No Clique-ing

Mozzie:  There are so many benefits to being us.

Atlas:  Like getting petted.

Rico:  And not having to go to work.

Mozzie:  I think one of the best things is that we don’t have to deal with cliques.

Atlas:  You usually get a treat right after the click.

Rico:  That’s a different thing.  That’s from a clicker.  A clique is completely different.

Mozzie:  Yes, it’s an unfortunate thing that humans create.

Atlas:  How do they work?

Rico:  Well, some people become friends, and then they don’t let other people also be their friends and/or they judge and are mean to people who aren’t in their inner circle.

Mozzie:  Mom really hates cliques.

Atlas:  Is that kind of like those obedience people who whisper, sometimes pretty loudly, about how they think that positive only training is dumb and how they’d train us differently?

Rico:  Yes.  Or people who get all snooty because they think their dog is better than us because some judge liked their dog better that day.

Mozzie:  I saw how some people treated Mom at the Specialty or ignored her when she said hi, and it made me sad.

Atlas:  Is that why she’s thinking of dropping out of the Bernese Mountain Dog Club of America and the Bernese Mountain Dog Club of Northern California?

Rico:  Yes.  She loves us, but she says it reminds her of high school.

Mozzie:  And she really didn’t like high school.

Atlas:  I’m glad we don’t have a clique.

Rico:  Me, too!

Mozzie:  Humans aren’t as nice as dogs are.

 

Tendon-C

Atlas:  What’s wrong with Mom’s wrist?

Mozzie:  She either has severe tendonitis or a tear in the tendon that that attaches her pinky to her hand and wrist.

Rico:  It’s a good thing Mom went to the doctor today so she could get the brace for her wrist.

Atlas:  I don’t know what a tendon is, but I can see that Mom has her fingers and thumb still exposed.

Mozzie:  Yes.  The tendon is down in her wrist below her palm.

Rico:  The doctor said she’s hoping this will work and get things healed.  Mom has to let the doctor know in two weeks if it’s helping.

Atlas:  Did the doctor say anything about restrictions on petting?

Mozzie:  I think she said Mom could only pet dogs who were 24″ or more at the withers.

Rico:  I think that’s right.

Atlas:  I don’t understand what that would have to do with it.

Mozzie:  You are really gullible.

Rico:  Yes, he is!

Atlas:  Is that a good thing?  If I’m gullible can Mom pet me even if I’m short?

Strengths

Rico:  Did you hear that Mom is supposed to be doing something for work where she asks people who know her to provide input about her strengths?

Mozzie:  Yes.  She’s not super gung-ho about asking people to provide her feedback.

Atlas:  I could give her a list.

Rico:  I think we all could, but she didn’t ask us.

Mozzie:  Mom’s like that.  She gets uncomfortable when people say nice things, and asking them to say nice things is even harder for her. She’s not like me.  I mean, really, when I stand there, people are going to just tell me how handsome and amazing I am, so I’m used to it.

Atlas:  Same here.  I am super popular at Dutch Brothers, and I even have friends who make me pupuccinos with extra sprinkles and extra whipped cream and bones.  They say I’m the cutest, fluffiest dog ever.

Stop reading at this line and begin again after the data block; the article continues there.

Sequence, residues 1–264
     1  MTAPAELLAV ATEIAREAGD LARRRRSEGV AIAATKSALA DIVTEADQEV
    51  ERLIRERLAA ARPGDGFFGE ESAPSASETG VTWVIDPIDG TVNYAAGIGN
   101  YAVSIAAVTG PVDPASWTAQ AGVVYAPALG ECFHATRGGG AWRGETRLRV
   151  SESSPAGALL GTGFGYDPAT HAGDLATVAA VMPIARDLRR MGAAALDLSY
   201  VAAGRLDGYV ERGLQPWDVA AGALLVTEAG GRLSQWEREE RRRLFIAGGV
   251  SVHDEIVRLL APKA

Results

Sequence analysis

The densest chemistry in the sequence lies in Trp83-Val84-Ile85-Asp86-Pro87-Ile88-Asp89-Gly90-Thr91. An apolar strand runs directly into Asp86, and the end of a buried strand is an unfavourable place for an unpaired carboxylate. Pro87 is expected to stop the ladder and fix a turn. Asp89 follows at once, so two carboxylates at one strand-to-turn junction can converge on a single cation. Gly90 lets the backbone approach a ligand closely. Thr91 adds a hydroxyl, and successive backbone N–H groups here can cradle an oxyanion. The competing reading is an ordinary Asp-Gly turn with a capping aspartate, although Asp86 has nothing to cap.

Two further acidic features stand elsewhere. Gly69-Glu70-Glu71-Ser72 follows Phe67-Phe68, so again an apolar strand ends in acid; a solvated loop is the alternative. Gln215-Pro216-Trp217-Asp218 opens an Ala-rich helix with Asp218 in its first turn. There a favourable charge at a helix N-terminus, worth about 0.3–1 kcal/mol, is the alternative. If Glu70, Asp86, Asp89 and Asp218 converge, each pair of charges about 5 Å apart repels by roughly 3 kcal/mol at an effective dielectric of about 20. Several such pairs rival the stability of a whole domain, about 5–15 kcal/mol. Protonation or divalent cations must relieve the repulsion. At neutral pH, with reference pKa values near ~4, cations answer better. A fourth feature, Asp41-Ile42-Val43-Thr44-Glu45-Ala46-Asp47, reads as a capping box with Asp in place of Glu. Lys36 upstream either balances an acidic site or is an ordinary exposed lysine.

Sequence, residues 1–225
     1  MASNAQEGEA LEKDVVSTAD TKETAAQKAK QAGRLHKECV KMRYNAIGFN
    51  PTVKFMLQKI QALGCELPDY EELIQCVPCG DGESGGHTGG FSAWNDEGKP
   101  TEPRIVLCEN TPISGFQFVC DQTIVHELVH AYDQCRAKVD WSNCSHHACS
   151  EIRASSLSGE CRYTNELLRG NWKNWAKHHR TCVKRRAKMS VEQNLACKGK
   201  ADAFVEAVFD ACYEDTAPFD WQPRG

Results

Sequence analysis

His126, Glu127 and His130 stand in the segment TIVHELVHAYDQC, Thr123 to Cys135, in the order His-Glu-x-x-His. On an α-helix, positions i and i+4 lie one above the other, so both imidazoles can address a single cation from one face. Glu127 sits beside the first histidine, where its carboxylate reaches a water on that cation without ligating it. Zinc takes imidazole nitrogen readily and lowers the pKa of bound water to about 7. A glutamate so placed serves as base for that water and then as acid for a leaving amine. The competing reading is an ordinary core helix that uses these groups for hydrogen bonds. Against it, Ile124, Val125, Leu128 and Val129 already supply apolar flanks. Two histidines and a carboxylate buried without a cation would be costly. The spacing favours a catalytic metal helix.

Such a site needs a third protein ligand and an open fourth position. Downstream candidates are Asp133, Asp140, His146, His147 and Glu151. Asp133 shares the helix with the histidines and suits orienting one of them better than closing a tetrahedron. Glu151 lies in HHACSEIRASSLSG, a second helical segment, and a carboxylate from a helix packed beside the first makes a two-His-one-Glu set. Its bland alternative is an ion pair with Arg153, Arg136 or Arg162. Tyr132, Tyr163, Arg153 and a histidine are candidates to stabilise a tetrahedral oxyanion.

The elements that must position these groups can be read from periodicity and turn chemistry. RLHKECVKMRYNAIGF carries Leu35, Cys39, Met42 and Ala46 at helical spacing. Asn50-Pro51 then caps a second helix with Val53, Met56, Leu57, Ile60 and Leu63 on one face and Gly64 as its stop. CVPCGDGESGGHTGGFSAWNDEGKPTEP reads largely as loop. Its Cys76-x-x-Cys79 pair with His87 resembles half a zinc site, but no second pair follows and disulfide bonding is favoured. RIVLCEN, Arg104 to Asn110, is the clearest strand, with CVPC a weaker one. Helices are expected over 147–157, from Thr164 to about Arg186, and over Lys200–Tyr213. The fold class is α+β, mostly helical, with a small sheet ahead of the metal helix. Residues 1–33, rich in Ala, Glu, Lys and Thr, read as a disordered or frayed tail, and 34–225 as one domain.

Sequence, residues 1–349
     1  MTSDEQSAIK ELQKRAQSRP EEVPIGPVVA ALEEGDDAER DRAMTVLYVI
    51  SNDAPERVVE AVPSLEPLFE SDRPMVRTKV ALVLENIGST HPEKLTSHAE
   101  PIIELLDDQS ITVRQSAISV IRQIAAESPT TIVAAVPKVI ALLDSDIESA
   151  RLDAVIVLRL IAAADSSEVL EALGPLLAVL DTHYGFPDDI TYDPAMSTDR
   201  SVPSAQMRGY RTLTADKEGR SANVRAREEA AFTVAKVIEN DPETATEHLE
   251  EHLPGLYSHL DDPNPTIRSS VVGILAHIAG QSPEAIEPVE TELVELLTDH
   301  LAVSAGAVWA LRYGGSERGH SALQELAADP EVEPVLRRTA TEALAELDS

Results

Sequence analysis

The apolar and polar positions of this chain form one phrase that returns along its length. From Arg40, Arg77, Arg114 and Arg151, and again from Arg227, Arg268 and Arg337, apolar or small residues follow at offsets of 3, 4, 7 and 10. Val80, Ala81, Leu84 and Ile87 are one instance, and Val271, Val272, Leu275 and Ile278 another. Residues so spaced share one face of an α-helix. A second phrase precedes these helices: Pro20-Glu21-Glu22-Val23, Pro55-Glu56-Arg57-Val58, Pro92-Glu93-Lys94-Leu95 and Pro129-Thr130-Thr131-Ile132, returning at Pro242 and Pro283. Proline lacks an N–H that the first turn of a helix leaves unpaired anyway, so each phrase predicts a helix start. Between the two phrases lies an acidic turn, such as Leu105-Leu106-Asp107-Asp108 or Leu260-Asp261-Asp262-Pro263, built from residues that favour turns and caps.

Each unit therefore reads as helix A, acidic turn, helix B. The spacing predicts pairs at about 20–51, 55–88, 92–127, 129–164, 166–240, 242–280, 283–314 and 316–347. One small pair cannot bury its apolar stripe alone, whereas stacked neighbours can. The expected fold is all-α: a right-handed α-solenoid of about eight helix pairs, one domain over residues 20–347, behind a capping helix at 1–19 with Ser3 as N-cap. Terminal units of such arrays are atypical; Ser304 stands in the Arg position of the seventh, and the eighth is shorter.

Rico:  People tell me I’m brave and have come a long way since I was rescued from that puppy mill.

Mozzie:  Mom’s got some strengths, too.  She can read my mind.  When I look at her, she knows if I want a treat, some petting, or a walk.

Atlas:  And she tells me I’m cute.

Rico:  That’s about you, not Mom.

Mozzie:  She does know how to treat each of us differently, so that we all feel special.  I think that’s a strength.

Atlas:  She has strong hands, so I can feel her pet me even with all my fur.

Rico:  That’s about you, again.  Try this:  Mom knows how to help me feel safe even when it’s super scary like New Year’s Eve or July 4th.  She even got me some drugs to help me cope.  Looking out for our well-being is a strength.

Mozzie:  Yes!  And she cares more about our happiness than anything.  I don’t ever have to pull a cart if I don’t want to.  I know Mom would like that, but she knows it scares me, so she doesn’t make me do it.

Atlas:  I think I understand now.  Mom knows where to order the best treats!

Rico:  That’s more like it, At-hat.

Mozzie:  We all know she’s awesome.  I think it’s mostly at work where people keep it a secret.  Maybe that’s why they have to do this activity.  I’ll be sure she adds our items to her strengths list.

Smell the Roses

Mom’s always saying how she should make time to stop and smell the roses.  Apparently she’s been watching me sniff, and she’s seen how much fun it is.

Since we live in California, we have roses blooming nearly all year, including in January.  Yesterday when we were on our daily walk, I decided I’d add Mom’s idea to my usual sniffing routine.  There were some lovely red roses on our path, so I decided to go see what all the excitement was about.

Roses DO smell amazing and their petals are soft on my nose.  What Mom didn’t mention was that they also attack you!  She did warn me to take it easy and back off, but I was so busy sniffing, I tuned her out.  The next thing I knew, one of those nasty thorns jumped out at the bridge of my nose.  I’m usually tough, but yikes, that hurt, so I yelped.  Everyone looked around to see what was wrong.  Clearly they haven’t been attacked by thorns, or they’d understand what happened.

I warned Mom about those roses and told her to sniff at her own peril.  I’ll stick with smelling pee-mail and my friends’ posts.  They never attack me.

-Moz